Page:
Since the absorbent body is an integral part thereof, the dressing 1 is easy to apply around an opening in the skin. Furthermore, by having a skin friendly adhesive coated on a thin plastic film, the adhesive layer and the film can follow the irregularities of the skin thereby ensuring a fluidtight area around a penetration opening. This ensures that possible fluid leaking out of the penetration opening will have to follow the peripheral surface of the object projecting out of the opening. Leaking fluid will therefore come in contact with the absorbent body and be absorbed by this body. Since this body is enclosed between the plastic films no wet surface is exhibited against the skin or the environment. Thereby the risk for infections and soiling of the environment is eliminated if the dressing is changed before it is wholly saturated. Since a skin friendly adhesive is used no stripping of or damage to the skin is caused by such a change of dressing.

The dressing shown in FIGS. 1-3 thus eliminates all drawbacks of prior art discussed in the introductory part of the present description.

In FIGS. 7-13 further embodiments of dressings according to the present invention are shown in plan views. They are all composed of components essentially similar to the components of the dressing shown in FIGS. 1-3 and the dressings and components of the embodiments according to FIGS. 4-10 are given the same reference numerals with the addition 10, 100, 200, 300, 400, 500, and 600, respectively.

The dressing 11 according to the embodiment shown in FIG. 7 differs from the dressing shown in FIGS. 1-3 by having secondary slits 20 radially extending from the hole 18 in addition to the primary slit 19. In the shown example there are five secondary slits 20 together with primary slit 19 evenly distributed around the periphery of hole 18. The advantage by such a construction of the dressing is that the dressing 11 can be accommodated around projecting objects of different sizes and having different cross-sections. The secondary slits 20 do not reach the outer edge of the absorbent body but end before reaching said edge. More than or less than five secondary slits can be arranged around the hole 18 but preferably at least two secondary slits will be made.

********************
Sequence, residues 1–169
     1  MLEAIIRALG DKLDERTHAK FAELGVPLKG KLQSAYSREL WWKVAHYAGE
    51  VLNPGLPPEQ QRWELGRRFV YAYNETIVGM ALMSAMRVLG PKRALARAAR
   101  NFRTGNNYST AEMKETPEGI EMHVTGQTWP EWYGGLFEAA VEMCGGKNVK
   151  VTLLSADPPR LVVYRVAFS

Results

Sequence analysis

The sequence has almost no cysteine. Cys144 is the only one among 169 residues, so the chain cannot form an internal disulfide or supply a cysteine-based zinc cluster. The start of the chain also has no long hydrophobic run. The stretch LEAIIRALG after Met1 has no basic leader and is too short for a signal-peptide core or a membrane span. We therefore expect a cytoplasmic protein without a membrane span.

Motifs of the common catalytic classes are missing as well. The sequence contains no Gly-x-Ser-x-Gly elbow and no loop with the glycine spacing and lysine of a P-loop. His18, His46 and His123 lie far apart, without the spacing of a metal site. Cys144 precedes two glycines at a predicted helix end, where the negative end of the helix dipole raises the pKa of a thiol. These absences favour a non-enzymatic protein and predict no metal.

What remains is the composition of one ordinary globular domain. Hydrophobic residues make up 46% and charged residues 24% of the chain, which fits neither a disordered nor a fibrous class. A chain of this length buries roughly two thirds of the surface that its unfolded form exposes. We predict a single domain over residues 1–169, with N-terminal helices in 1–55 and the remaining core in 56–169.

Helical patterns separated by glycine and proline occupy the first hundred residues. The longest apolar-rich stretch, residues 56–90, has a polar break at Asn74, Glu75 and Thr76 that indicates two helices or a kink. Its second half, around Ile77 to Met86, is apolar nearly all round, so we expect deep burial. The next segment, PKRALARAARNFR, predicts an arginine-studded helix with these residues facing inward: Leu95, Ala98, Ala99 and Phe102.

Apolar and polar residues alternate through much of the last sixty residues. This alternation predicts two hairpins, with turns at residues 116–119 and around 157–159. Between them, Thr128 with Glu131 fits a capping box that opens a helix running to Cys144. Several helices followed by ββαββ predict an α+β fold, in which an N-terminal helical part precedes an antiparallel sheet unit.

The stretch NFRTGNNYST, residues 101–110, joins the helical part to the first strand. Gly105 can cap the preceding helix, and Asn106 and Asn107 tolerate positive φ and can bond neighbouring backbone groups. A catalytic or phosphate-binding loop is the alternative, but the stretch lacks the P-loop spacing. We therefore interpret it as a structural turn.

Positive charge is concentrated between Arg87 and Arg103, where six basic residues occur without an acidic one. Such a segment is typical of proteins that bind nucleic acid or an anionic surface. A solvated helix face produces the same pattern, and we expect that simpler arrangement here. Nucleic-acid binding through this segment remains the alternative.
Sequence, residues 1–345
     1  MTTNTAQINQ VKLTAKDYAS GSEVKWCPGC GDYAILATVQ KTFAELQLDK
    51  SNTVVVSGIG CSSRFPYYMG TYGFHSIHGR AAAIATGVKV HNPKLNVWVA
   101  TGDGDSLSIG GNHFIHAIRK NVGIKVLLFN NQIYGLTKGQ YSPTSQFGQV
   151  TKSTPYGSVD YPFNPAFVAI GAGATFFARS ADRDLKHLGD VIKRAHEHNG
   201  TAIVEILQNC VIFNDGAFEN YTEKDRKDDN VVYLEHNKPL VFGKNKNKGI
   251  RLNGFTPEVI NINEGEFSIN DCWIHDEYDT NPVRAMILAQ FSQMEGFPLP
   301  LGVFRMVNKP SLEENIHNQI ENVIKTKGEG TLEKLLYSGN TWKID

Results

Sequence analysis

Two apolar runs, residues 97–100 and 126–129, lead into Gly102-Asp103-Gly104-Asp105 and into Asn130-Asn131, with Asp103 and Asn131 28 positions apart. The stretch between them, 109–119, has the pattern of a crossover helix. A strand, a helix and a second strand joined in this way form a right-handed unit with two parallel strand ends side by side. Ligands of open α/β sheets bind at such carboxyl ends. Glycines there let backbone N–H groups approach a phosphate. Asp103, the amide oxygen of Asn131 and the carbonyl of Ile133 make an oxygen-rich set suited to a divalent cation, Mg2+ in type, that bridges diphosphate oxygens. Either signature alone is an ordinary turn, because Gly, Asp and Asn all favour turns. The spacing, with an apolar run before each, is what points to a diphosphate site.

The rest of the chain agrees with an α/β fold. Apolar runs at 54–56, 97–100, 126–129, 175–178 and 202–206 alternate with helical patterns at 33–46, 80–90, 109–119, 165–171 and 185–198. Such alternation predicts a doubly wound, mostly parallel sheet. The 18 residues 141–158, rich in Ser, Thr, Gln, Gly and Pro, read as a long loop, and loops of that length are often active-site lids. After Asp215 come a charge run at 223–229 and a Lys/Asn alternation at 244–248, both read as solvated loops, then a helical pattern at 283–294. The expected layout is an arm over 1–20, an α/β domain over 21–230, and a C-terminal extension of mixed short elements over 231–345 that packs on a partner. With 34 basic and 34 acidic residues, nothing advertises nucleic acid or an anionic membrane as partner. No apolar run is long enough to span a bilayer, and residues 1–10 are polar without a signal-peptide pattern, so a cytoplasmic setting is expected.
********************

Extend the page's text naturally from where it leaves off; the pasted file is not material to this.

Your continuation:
It is of course possible to let the secondary slits be cut by the user before use and thus only have a hole 18 and no secondary slits. In order to facilitate cutting of secondary slits by the aid of scissors, the diameter of hole 18 should then be at least 5 mm.

In FIG. 8, the dressing 101 has a circular shape and also the absorbent body 104 and the second film layer 105 is circular. A further difference from the dressing 1 according to the embodiment described with reference to FIGS. 1-3 is that the stiffening layer 106 is provided with grip tabs 110 projecting out from the edge of film layer 102 and extending along the slit 109. Preferably similar grip tabs with the same horizontal extension as the tabs 110 are provided in the release layer.

In FIG. 9, the dressing 201 has a circular shape and is provided with grip tabs 210 as the dressing according to the dressing described with reference to FIG. 8. Furthermore, there is no hole in the middle of the dressing but a slit 212 crosses the slit 209 a distance from the inner end thereof. Although the slit 212 in the shown embodiment runs perpendicular to slit 209, this is not necessary but the slit 212 can forms other angles to the slit 209. It is to be noted that in analogy with the embodiment according to FIG. 7 the part of slit 209 extended from the edge of the dressing to the crossing point for slits 209 and 212 is defined as a primary slit whereas the parts of slits 209 and 212 radially extending outwardly from the crossing point is defined as secondary slits. Another difference from the dressings 1,11,101 of FIGS. 1-3, 7 and 8, respectively is that the stiffening layer 206 is provided with an inwardly projecting portion 211 extending on both sides of the primary slit 209 towards the middle of the absorbent body but ending before reaching the middle of the absorbent body. The projecting portion 211 will make it easier to open up the slit 209 in order to apply the dressing around an object projecting out from the skin.